His album aims to correct this. “It’s an attempt to give this music back to ourselves,” she said. “Some people know him very well. Some have been disconnected from it, because they grew up in Ashkenazi circles and did not necessarily have access to their own liturgical or musical traditions which are rooted in Arabic music ”.

He also hopes the album will help raise awareness among the American Jewish community about the history and culture of Jews of Arab descent more broadly. “Too often, traditional political and cultural discourse erases that history, particularly in the United States,” she said. “It is important that the Jewish community becomes more aware not only of the presence of Sephardi / Mizrahi Jews, but also of how American Jewish institutions have literally influenced the lives of thousands upon thousands of Jews in Arab lands over the past century.”

Even in France, the Judeo-Arab musical tradition is not necessarily passed down from one generation to the next. When Elkeslassy’s sister was planning her wedding in 2016, Elkeslassy feared that no one would sing “Abiadi Ana,” a song traditionally sung by the bride’s eldest relative during the henna ceremony (a Moroccan marriage ritual). “I remember my grandmother on my father’s side sang it at my cousin’s wedding,” Elkeslassy said. “But when my grandmother died, no one knew the song anymore.”

In fact, no one had sung it at the Elkeslassy henna ceremony the year before, and she was determined to have someone do it by her sister.

Elkeslassy began a hunt to find someone to teach her the ritual melody. Eventually a member of the New York Andalus Ensemble, a local Maghrebi music ensemble that Elkeslassy had started performing with, revealed that she knew the song and taught it to her. Elkeslassy surprised her family by performing henna. “The older generations were all crying,” she said.

“Abiadi Ana” (“I Am Happy”) is now included on Elkeslassy’s album. Soulful and melodic, the song starts slowly and then kicks off with percussion and lots of personality from oud, accordion, violin and bass. Based on the version of the diva Elfassia, it somehow sounds both creepy and joyful.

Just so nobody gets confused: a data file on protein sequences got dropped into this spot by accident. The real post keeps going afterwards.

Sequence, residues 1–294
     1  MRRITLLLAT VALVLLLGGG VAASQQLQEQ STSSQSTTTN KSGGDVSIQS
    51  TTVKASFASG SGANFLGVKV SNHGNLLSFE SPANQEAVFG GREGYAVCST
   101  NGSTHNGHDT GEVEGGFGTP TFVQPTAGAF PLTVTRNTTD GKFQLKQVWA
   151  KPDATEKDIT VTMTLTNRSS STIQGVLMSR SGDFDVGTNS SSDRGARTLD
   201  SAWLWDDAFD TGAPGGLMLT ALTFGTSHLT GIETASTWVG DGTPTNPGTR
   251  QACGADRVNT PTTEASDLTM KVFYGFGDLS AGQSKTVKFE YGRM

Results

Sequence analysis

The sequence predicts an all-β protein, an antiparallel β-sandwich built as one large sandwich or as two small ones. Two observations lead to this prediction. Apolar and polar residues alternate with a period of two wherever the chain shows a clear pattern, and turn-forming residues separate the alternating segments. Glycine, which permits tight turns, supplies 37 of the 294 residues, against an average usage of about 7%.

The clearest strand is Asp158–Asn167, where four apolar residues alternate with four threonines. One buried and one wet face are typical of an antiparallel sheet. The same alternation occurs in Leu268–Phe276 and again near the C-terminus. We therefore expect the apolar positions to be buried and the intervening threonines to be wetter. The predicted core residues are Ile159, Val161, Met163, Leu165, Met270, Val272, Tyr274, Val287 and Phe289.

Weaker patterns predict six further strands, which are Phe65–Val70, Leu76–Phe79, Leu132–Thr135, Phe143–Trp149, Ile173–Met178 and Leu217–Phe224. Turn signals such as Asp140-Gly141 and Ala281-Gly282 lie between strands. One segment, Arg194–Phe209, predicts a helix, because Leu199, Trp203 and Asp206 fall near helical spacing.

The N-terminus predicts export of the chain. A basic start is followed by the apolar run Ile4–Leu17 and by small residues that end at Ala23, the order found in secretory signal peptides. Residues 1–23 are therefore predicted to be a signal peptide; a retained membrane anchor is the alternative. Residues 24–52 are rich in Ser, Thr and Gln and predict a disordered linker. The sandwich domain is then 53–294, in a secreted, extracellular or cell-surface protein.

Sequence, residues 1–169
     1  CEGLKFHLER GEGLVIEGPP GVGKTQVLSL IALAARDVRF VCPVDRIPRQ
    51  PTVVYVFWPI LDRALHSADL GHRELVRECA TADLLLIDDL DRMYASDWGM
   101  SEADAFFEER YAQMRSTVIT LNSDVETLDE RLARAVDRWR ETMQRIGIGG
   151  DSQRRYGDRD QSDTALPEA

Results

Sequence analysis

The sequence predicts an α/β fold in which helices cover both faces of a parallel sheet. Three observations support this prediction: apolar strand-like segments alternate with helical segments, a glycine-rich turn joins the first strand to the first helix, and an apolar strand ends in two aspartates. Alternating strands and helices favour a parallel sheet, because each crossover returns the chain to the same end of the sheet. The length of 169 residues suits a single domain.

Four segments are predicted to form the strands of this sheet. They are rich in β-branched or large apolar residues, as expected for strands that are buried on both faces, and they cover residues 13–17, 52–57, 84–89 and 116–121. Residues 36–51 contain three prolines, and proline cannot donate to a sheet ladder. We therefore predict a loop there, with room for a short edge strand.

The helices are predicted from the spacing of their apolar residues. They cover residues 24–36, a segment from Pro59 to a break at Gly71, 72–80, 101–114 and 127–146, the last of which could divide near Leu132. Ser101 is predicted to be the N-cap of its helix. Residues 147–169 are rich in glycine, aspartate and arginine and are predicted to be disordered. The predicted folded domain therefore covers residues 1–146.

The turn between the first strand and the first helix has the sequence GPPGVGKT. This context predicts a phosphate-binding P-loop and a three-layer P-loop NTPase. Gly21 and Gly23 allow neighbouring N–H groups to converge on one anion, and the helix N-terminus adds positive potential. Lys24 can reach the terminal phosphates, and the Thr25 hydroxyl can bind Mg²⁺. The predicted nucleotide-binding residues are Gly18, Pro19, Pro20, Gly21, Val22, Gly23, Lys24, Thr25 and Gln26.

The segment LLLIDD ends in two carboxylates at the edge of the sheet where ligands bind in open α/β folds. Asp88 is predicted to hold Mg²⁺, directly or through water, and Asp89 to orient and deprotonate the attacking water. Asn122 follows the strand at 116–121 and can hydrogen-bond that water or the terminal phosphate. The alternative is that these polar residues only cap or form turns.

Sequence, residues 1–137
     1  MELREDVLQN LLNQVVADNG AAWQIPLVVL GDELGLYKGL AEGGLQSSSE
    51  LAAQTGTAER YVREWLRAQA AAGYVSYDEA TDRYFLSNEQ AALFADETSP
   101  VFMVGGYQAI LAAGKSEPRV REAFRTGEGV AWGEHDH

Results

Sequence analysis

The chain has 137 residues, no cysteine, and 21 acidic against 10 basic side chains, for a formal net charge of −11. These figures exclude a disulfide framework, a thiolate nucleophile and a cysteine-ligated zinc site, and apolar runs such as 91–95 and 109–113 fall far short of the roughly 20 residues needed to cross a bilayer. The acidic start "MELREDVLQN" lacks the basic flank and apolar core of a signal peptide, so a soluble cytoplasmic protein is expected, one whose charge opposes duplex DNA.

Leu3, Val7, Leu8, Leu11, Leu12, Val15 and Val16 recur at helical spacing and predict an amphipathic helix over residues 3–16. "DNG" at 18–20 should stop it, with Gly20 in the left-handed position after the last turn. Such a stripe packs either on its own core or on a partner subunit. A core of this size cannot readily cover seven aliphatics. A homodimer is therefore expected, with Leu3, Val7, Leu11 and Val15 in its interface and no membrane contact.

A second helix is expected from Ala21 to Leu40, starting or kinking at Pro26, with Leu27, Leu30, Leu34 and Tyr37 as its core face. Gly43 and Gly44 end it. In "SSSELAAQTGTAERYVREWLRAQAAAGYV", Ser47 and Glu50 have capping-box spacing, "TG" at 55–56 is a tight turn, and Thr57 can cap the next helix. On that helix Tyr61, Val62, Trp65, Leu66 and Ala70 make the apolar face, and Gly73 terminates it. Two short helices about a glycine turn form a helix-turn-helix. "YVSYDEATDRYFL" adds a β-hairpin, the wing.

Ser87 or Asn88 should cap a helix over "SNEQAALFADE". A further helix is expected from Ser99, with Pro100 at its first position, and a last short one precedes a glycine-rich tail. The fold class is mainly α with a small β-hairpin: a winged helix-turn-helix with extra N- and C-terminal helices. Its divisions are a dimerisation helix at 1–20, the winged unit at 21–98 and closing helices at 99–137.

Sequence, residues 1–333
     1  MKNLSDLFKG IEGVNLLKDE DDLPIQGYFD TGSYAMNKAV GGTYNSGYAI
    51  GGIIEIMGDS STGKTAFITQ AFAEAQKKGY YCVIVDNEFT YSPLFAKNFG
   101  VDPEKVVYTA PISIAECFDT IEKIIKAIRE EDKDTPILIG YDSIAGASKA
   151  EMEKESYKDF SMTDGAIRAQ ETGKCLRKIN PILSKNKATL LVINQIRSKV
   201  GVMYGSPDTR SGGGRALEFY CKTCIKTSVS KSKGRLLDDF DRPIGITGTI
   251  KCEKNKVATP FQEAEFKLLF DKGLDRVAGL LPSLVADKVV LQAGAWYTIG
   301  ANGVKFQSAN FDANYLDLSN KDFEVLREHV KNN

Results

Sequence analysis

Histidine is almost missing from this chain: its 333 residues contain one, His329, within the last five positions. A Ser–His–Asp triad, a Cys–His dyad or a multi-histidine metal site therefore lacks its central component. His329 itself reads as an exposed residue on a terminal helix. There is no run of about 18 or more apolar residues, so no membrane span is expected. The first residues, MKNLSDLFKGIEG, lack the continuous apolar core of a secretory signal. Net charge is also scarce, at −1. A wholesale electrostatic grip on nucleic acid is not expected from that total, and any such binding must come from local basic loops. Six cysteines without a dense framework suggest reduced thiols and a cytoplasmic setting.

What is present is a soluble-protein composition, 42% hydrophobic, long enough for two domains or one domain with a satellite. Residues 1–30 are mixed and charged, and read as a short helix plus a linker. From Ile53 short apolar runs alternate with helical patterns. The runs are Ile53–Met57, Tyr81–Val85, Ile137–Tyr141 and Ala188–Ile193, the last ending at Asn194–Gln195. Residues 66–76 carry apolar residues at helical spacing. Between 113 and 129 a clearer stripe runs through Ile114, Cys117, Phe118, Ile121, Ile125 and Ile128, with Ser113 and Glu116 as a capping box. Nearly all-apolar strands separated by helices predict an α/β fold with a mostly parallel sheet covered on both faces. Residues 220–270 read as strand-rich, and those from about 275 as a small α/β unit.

“Ya Ghorbati” is coming at a time when an evolving understanding of colonialism and race is reshaping the perspectives of many Americans, including the Jewish community.

“It’s not just about songs,” said Edwin Seroussi, a musicologist and scholar of North African, Middle Eastern and Israeli music at the Hebrew University of Jerusalem. As he explained, Elkeslassy’s design is based on the often overlooked historical contributions of female Mizrahi singers. The project is also emerging at a time of growing awareness in America that Jews are not only from Eastern Europe, a fact much more evident in Israel, whose Jewish population is made up of approximately 50% Mizrahi and Sephardi Jews. (In contrast, the Jewish community in the United States is predominantly Ashkenazi.)

“That Mizrahi presence in Israel became very influential in intellectual circles, in politics, etc., and that revolution eventually reached American shores,” he said. “It’s about claiming or claiming their culture as undervalued or ignored. Many American Jews do not even believe that there are Jews who speak Arabic as their mother tongue ”.

Elkeslassy herself sees work as a way to bridge the gap she feels between her Jewish and Arab identities. “That’s a way of saying, you know what? We are also Arabs, actually, and we have forgotten about it, ”she said. She is part of a broader global trend of claiming Mizrahi and Sephardi roots through music, such as Israeli Yemeni sisters A-Wa and Israeli Moroccan singer Neta Elkayam, who has been a major source of inspiration for Elkeslassy.

Following her concert in Brooklyn, Elkeslassy hopes to tour her album more extensively in the US and abroad. But for New Yorkers looking for other ways to experience local Mizrahi and North African culture, Elkeslassy has some tips on where to start. She begins by eating at the Persian Sofreh restaurant in Prospect Heights, attending a performance by the Arabian music group Brooklyn Maqam, and checking out Tunisian belly dancer Esraa Warda. And, of course, she orders a tagine at the Moroccan restaurant Cafe Mogador, which has locations in Williamsburg and St. Marks Place in the East Village.

“When I was living in Manhattan, I established my headquarters there,” he said. “I was like, it feels like home.”

You can book a free ticket to the Elkeslassy concert in Brooklyn at Congregation Beth Elohim on June 15th here.